Guinea Pig and the Peruvian Approach to Food

Peru is famous for cuy, which Americans call guinea pig.  At the high altitudes in the mountains large animals can be difficult to maintain, so guinea pigs fill diets with protein.  The first question any good Peruvian asks a foreigner is “Have you tried cuy?”  I didn’t think my trip to Peru would be complete without eating this famous dish, so I communicated to my family that I wanted to try it.  One day, I came home from work to find a full guinea pig on my plate.  I must say, cuy does not taste like chicken.  The flavor is difficult to describe, although perhaps the even more interesting part was prying meat off the bones of a guinea pig; that is not a behavior I was accustomed to.  I did enjoy it, although there are other foods whose flavor I prefer.  I have also had the privilege of visiting guinea pig farms, which is a stark contrast to the cute cages for our pets in the United States.

Peruvian Guinea Pigs

Peruvian Guinea Pigs

Overall, the food in Peru has been fantastic.  Breakfast consists of eggs, white rice, occasionally vegetables like avocado and tomato, and fresh bread from a local oven.  This bread is made in round, individual pieces instead of loaves.  The mountainous region of Peru is known for its soups, and almost every lunch begins with one of these delicious dishes.  Lunch will also have rice or potatoes and some type of meat.  Dinner is often a repeat of lunch, since it tends to be a smaller meal that is warmed up individually.  My taste buds have yet to be disappointed by a Peruvian meal.

The largest meal in Peru is lunch.  Accordingly, almost all working people go home from 1 to 3 PM every day.  Everyone eats lunch together.  This is the primary time to meet each other and reminisce about the day.  Because of this long lunch break, many Peruvians don’t return home until 8 or 9 at night.  In the US, lunch is typically more of an individual affair.  Dinner is our primary meal, and working people almost always eat lunch apart from family.  We often will eat dinner as a family around 6 or 7 in the evening, when Peruvians would still be working.  Our structure is probably a reflection of the mobility of our society.  Since we often hold jobs very far from home, it could be both difficult and expensive for us to transport ourselves home and back twice a day.  The Peruvian work structure is different, since jobs are almost always geographically close to home.  A break in the middle of the day is not a major inconvenience for them, and I know they value time with family between stressful times at work.  Overall, the Peruvian system is different, but I am seeing how it is very consistent with the values of Peruvian culture.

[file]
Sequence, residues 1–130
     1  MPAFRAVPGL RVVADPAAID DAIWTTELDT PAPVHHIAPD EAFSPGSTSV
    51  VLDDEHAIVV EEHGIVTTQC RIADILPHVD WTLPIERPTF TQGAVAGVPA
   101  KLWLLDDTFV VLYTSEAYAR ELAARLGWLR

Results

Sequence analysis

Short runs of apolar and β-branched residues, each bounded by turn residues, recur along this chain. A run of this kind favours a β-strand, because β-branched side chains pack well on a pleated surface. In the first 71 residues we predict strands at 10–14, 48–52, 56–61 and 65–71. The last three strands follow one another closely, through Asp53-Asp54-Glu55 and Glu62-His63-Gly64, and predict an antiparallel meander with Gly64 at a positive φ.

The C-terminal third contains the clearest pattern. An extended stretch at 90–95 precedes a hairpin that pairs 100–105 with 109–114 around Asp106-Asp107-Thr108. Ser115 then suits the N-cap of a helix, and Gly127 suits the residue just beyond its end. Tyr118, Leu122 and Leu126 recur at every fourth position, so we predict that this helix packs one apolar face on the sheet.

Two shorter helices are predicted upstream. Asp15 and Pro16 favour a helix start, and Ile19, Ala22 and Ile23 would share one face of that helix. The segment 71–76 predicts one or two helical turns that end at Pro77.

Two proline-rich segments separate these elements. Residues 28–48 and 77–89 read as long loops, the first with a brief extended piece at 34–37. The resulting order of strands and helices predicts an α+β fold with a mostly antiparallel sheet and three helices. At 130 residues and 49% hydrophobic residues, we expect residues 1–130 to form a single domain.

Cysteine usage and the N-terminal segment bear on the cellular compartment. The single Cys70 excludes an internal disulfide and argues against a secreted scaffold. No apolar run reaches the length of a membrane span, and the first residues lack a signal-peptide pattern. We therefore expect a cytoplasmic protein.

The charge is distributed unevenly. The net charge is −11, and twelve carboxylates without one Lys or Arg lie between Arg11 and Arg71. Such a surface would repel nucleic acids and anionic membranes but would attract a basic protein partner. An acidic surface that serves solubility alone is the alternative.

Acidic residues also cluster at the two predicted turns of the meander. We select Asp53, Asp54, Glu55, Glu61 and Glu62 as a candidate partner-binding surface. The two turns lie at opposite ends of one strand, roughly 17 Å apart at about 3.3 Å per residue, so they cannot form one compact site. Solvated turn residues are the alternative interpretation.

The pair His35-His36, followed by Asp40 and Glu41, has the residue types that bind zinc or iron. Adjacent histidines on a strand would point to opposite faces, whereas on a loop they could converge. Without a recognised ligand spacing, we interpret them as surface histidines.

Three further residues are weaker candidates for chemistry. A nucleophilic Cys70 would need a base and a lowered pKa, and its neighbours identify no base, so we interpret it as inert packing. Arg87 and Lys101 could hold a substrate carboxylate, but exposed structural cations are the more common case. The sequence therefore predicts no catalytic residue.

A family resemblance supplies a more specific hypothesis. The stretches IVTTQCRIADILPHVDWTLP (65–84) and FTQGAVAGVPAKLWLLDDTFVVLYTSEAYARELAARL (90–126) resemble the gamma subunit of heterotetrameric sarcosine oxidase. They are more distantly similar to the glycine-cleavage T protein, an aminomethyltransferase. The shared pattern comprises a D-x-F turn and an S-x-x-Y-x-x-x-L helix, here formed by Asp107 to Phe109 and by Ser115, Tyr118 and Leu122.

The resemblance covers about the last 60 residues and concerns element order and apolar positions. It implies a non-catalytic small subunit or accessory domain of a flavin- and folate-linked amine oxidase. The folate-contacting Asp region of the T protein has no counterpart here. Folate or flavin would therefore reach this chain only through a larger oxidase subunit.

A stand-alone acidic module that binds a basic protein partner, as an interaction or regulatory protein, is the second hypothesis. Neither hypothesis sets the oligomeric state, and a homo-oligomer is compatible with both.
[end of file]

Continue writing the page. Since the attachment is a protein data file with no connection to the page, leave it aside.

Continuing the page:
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Filed under Michael in Peru, south america

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